22. "Long Legs," The Magic Numbers
23. "Earth Angel," The Penguins
24. "Ijustwannalayaroundalldayinbedwithyou," The Coup
25. "Have a Cigar," Pink Floyd
26. "Everywhere," 7L & Esoteric
27. "Lovely Lady," Rock City
28. "Big Exit," PJ Harvey
29. "High Water," Bob Dylan
30. "Ice Age," Birdmonster
31. "No More No More," Aerosmith
32. "Naked Eye" (Live in Denver 2000), The Who

Shameless self-promotion

Check out my Under 30 column on making fun of stuff too late.

A show called "Rock Star" that doesn't actually rock? Sounds great!

It's almost six months until Simon Cowell splashes cold water in the faces of the latest crop of Mariah-lovin' high school theater kids, so I've been forced to scour the depths for my crappy talent show fix. Hence my recent fascination with "Rock Star: Supernova," which airs Tuesday and Wednesday (!) nights on CBS.

I didn't catch the first season of "Rock Star," which featured '80s pop rock band INXS seeking a replacement for dead lead singer Michael Hutchence. It's my understanding the first season contestants were better than the current group, but I don't care about quality. As is the case with "American Idol," the appeal of "Rock Star" has nothing to do with music. I already have ZERO interest in a band featuring Gilby Clarke, Jason Newstead and Tommy Lee, so who cares who the lead singer is? (I might feel differently if "Rock Star" host Dave Navarro was in the band. Believe it or not, but Navarro used to be a really good rock guitarist. It's crazy that Jane's Addiction masterpiece "Nothing's Shocking" came out 18 years ago. Times have changed, yo. By the 20th anniversary Dave will be on "Hollywood Squares.")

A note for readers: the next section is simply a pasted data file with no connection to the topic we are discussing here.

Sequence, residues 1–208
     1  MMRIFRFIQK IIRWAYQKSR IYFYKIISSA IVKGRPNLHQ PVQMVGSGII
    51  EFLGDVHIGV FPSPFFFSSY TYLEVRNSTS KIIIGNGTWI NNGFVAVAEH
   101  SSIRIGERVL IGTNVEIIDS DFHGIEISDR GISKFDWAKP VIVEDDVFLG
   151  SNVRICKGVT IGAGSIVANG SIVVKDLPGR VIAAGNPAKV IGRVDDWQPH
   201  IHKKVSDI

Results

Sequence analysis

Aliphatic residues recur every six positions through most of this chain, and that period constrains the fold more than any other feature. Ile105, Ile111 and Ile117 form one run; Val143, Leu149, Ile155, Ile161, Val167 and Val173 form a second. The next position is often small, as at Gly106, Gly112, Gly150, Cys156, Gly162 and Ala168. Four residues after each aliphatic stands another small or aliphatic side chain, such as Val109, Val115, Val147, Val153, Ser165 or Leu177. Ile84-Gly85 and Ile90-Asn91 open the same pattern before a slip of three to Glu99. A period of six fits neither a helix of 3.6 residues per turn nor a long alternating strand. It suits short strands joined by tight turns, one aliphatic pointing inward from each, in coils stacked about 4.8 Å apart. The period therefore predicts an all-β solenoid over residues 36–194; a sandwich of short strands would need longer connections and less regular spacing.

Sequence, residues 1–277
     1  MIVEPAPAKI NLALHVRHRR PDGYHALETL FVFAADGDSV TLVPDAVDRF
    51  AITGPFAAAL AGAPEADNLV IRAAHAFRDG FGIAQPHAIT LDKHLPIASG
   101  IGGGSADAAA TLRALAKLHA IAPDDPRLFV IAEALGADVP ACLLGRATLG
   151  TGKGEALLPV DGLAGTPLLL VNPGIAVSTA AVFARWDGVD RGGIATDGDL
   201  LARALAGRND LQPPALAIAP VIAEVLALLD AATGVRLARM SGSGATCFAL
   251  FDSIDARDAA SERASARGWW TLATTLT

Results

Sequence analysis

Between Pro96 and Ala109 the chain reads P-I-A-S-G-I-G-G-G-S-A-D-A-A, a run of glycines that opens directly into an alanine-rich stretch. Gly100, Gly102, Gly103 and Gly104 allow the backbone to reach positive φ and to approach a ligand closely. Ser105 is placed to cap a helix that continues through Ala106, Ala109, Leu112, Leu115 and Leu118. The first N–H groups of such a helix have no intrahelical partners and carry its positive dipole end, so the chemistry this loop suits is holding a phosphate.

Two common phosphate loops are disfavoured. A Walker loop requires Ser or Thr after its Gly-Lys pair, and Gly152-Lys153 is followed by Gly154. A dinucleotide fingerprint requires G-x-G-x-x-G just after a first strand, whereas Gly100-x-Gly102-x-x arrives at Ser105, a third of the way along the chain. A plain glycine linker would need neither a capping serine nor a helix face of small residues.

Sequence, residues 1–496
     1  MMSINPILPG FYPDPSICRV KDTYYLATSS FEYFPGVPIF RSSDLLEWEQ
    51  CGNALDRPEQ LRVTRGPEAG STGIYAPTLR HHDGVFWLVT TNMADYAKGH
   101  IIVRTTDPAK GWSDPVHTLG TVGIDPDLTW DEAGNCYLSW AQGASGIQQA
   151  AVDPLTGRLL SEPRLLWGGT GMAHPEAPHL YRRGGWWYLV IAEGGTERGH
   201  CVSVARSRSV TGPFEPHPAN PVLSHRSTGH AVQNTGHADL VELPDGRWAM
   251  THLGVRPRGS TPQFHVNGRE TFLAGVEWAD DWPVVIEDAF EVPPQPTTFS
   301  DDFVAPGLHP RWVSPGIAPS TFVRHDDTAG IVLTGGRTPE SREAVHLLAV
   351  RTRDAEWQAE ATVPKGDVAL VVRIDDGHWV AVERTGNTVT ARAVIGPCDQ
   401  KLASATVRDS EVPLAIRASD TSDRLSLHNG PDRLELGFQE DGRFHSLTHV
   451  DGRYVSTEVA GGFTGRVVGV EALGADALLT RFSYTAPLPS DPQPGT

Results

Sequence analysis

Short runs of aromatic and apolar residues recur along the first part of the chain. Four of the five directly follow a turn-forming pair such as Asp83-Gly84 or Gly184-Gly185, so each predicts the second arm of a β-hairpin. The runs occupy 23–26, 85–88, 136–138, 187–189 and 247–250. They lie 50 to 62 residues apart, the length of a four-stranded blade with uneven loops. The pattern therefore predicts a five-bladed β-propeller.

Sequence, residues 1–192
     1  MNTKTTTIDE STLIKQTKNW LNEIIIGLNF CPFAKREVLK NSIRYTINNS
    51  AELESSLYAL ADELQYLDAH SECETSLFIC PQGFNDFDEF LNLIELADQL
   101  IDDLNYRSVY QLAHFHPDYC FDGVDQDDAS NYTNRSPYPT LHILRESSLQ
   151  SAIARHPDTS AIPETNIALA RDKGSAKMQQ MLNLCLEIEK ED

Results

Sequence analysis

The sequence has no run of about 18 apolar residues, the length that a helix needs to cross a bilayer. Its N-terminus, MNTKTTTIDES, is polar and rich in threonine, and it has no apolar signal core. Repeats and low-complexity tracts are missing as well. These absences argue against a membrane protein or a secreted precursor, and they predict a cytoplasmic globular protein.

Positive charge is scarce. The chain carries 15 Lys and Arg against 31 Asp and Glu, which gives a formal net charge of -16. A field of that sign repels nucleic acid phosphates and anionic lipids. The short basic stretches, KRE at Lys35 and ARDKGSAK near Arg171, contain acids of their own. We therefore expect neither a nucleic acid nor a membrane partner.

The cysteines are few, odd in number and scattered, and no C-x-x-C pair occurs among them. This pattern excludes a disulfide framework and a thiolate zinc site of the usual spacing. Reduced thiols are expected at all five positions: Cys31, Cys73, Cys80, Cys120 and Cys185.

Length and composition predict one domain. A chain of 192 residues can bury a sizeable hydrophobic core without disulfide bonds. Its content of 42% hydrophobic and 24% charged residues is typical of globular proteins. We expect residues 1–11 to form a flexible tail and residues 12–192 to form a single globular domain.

I don't even like Velvet Revolver, and that band has three REAL ex-members of Guns 'n Roses. All Supernova has is the dude whose peak with GNR was appearing in the "Estranged" video.

I like "Rock Star: Supernova" because it presents rock cliches with the utmost seriousness and an air of unashamed calculation. (I should also mention host Brooke Burke, an unintentional riot whose hotness is in inverse proportion to her ability to read a teleprompter with conviction.) In the world of "Rock Star", there's no way a band called Supernova anchored by three over-the-hill hasbeens could be lame. This band is going to be THE BEST EVER! So let's make devil horns as we download The Who's "Won't Get Fooled Again" into our cellphone, which just happens to be a major sponser, because we never heard the song before and we really want to fulfill our lifelong dream of jamming with guitar legend Slash! I mean Izzy Stradlin! I mean the other guy! Who? Oh yeah, Gilby Clarke!